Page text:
Apr 10, 2007

More advice on best actions to survive a nearby nuclear blast

Posted by in categories: existential risks, military, nuclear weapons

Carnegie Mellon researchers Keith Florig and Baruch Fischhoff offer simple, practical advice: on whether it is worth citizens’ time to stock supplies needed for a home shelter, how urgently should one seek shelter following a nearby nuclear detonation, and how long should survivors remain in a shelter after the radioactive dust settles.

“A number of emergency-management organizations recommend that people stock their homes with a couple dozen categories of emergency supplies,” said Florig of Carnegie Mellon’s engineering and public policy department. “We calculated that it would cost about $240 per year for a typical family to maintain such a stock, including the value of storage space and the time needed to tend to it.”

Their research also suggests that many families who could afford to follow the stocking guidelines might think twice about whether the investment was really worth it, given the low probability that stocked supplies would actually be used in a nuclear emergency.

They advocate simple rules for minimizing risk based on how far people are from the blast. If you are within several miles of the blast, there will be no time to flee and you will have only minutes to seek shelter. If you are 10 miles [downwind] from the blast, you will have 15 to 60 minutes to find shelter, but not enough time to reliably flee the area before the fallout arrives,” said Florig.

However, the prior advice would suggest that if you are 10 miles from the blast that you could move perpendicular to the direction of the fallout plume and get out of the way in under 15 minutes. Needing to move one mile for smaller bombs. So I would think 10–20 miles downwind is a judgement call, but 25 miles you should be able to get out of the way of the fallout plume.


Comments — comments are now closed.

  1. randpost says:

    Fear mongering. $240 per year to prepare for a nuclear bomb? You gotta be fucking kidding me.

  2. Brian Wang says:

    The blog content is free. The discussion on what to do in case something bad happens is not dissimilar from the worst case disaster advice books. One of the more recent ones also covers some advice on surviving nuclear fallout.…sr=8-1

    They are charging for the book.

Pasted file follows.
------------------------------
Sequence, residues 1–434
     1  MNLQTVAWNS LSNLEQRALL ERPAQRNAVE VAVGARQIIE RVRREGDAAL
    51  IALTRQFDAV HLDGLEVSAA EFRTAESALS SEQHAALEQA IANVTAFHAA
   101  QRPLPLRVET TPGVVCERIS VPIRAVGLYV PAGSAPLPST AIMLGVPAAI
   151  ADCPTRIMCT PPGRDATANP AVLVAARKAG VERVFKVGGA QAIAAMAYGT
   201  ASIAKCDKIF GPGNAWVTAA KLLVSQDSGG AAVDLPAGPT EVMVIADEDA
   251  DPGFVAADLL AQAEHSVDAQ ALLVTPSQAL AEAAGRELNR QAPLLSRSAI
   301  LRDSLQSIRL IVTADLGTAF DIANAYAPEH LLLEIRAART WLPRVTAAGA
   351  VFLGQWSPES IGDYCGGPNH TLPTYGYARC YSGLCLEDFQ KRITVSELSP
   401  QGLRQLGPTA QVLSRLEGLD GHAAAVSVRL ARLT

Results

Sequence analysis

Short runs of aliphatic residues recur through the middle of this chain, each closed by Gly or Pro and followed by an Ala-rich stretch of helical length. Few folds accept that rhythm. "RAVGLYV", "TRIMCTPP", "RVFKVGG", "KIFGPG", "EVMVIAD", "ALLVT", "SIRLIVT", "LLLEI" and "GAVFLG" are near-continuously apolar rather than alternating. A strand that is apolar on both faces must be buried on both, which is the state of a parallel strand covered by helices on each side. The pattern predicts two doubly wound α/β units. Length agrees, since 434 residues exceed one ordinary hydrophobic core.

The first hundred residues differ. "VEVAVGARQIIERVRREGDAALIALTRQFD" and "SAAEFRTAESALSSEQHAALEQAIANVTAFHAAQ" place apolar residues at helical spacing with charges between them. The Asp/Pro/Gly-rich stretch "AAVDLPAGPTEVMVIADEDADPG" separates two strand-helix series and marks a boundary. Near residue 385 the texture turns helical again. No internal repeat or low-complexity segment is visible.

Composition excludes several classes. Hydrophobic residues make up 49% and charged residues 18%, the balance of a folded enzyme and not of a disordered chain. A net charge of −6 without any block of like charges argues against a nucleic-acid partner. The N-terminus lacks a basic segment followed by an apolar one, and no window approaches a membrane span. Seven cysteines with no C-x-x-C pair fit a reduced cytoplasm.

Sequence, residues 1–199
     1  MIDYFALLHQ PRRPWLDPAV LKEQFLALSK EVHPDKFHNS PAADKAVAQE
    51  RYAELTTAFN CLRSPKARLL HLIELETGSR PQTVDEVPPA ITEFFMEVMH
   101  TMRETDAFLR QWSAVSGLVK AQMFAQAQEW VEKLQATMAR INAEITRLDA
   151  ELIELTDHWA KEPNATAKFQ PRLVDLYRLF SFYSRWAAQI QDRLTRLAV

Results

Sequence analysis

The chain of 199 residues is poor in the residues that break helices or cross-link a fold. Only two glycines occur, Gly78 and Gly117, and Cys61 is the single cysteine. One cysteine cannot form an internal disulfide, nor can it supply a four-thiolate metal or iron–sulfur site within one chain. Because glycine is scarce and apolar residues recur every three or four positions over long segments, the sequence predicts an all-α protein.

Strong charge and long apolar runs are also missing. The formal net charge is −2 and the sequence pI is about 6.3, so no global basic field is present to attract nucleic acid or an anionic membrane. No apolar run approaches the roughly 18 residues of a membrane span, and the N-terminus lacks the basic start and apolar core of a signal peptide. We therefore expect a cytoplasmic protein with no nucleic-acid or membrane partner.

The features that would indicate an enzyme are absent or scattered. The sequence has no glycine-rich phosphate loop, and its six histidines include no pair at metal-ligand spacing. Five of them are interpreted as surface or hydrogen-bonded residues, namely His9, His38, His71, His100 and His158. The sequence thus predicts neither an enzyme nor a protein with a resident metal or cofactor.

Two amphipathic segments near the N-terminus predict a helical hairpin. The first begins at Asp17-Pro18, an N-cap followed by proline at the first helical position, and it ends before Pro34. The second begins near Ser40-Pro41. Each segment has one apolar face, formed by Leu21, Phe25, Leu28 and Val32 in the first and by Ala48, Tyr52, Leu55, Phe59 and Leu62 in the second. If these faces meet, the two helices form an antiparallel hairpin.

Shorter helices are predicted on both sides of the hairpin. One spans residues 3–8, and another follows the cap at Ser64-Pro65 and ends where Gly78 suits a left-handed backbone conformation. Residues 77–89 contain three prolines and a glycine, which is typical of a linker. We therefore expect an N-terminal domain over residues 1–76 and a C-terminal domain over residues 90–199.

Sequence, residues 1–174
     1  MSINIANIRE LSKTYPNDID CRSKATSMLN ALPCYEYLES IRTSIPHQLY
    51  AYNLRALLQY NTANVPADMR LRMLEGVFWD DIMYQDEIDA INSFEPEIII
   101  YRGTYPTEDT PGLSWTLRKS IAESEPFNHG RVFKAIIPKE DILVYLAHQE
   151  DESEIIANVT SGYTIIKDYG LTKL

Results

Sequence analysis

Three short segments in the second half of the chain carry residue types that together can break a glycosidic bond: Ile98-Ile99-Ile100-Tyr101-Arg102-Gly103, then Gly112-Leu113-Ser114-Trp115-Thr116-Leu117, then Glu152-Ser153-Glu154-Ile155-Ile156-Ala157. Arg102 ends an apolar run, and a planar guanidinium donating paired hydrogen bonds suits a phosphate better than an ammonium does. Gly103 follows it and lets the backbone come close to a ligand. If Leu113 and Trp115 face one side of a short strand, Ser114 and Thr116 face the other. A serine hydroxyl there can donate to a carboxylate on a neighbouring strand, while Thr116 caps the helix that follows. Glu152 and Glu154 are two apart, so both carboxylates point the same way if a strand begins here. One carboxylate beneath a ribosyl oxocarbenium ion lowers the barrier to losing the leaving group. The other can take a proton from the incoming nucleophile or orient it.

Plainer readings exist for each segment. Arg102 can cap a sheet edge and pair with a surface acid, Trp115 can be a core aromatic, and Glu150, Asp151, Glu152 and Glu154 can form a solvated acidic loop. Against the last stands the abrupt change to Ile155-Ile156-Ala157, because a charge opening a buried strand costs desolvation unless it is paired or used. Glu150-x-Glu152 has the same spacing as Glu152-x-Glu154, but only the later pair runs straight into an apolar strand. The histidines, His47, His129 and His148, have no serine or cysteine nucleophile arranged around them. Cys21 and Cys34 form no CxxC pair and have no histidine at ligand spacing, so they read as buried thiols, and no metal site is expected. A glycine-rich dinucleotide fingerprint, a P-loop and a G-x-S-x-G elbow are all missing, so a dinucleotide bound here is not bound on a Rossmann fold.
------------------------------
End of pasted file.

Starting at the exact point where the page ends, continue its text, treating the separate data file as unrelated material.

How are they or we fear mongering ?

    Fear mongering is spreading discreditable, misrepresentative information designed to induce fear and apprehension.

    How is the information discreditable or misrepresented ?

    We are also are not telling people to be more fearful or apprehensive but pro-active and forewarned.

    Are you saying that reading about the calculated and scientifically assessed statistical risks and situations has made you fearful and apprehensive ? Does reading about disease mortality statistics or violent crime statistics make you more fearful and apprehensive ? Does reading about crime prevention or steps for public health improvement make you more fearful and apprehensive ?
    Is it just thinking about your own mortality that has made you fearful and apprehensive ?

    Membership money is to support the organization and the listed projects.
    Do you have similar concerns about organizations like Mothers Against Drunk Driving ?

    Is it because we are discussing low frequency but potentially high impact risks ?

    Would propose that we include some kind of caveats or warnings to go along with the messages so that people can help maintain perspective ?

  3. jimmy says:

    well this is an example of a nuclear weapon doing its job, it doesnt need to be fired to have an effect. if a nation fires a salvo of nukes at another then as we all remember from the film “wargames” then all that will happen is the countries will destroy each other. possibly the greatest effect a nuclear armament brings is a psychological one.